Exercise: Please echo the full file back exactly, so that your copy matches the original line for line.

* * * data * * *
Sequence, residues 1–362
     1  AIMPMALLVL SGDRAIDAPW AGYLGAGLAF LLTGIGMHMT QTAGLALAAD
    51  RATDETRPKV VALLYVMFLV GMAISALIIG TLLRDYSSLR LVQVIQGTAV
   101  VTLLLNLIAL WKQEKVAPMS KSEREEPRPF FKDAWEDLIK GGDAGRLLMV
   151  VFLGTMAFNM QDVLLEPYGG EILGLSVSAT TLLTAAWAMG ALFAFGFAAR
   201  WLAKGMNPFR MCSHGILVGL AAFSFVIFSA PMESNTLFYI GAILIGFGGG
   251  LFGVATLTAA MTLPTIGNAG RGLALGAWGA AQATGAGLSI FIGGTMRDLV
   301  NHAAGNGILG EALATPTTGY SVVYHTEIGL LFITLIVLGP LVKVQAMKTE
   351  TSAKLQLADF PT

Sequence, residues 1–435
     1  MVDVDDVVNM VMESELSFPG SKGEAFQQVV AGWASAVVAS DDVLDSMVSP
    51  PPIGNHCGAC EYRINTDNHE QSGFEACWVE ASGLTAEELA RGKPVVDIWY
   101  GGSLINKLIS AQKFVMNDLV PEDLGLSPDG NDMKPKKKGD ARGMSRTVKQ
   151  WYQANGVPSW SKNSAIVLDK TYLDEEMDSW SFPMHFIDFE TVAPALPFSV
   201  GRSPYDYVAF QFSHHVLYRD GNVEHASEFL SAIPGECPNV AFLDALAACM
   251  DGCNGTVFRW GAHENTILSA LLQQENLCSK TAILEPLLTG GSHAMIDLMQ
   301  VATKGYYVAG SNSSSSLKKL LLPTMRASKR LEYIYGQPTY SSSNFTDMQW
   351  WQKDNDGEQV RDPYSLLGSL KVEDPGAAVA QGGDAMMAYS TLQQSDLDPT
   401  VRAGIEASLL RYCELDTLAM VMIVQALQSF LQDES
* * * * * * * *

Sequence, residues 1–362
     1  AIMPMALLVL SGDRAIDAPW AGYLGAGLAF LLTGIGMHMT QTAGLALAAD
    51  RATDETRPKV VALLYVMFLV GMAISALIIG TLLRDYSSLR LVQVIQGTAV
   101  VTLLLNLIAL WKQEKVAPMS KSEREEPRPF FKDAWEDLIK GGDAGRLLMV
   151  VFLGTMAFNM QDVLLEPYGG EILGLSVSAT TLLTAAWAMG ALFAFGFAAR
   201  WLAKGMNPFR MCSHGILVGL AAFSFVIFSA PMESNTLFYI GAILIGFGGG
   251  LFGVATLTAA MTLPTIGNAG RGLALGAWGA AQATGAGLSI FIGGTMRDLV
   301  NHAAGNGILG EALATPTTGY SVVYHTEIGL LFITLIVLGP LVKVQAMKTE
   351  TSAKLQLADF PT

Sequence, residues 1–435
     1  MVDVDDVVNM VMESELSFPG SKGEAFQQVV AGWASAVVAS DDVLDSMVSP
    51  PPIGNHCGAC EYRINTDNHE QSGFEACWVE ASGLTAEELA RGKPVVDIWY
   101  GGSLINKLIS AQKFVMNDLV PEDLGLSPDG NDMKPKKKGD ARGMSRTVKQ
   151  WYQANGVPSW SKNSAIVLDK TYLDEEMDSW SFPMHFIDFE TVAPALPFSV
   201  GRSPYDYVAF QFSHHVLYRD GNVEHASEFL SAIPGECPNV AFLDALAACM
   251  DGCNGTVFRW GAHENTILSA LLQQENLCSK TAILEPLLTG GSHAMIDLMQ
   301  VATKGYYVAG SNSSSSLKKL LLPTMRASKR LEYIYGQPTY SSSNFTDMQW
   351  WQKDNDGEQV RDPYSLLGSL KVEDPGAAVA QGGDAMMAYS TLQQSDLDPT
   401  VRAGIEASLL RYCELDTLAM VMIVQALQSF LQDES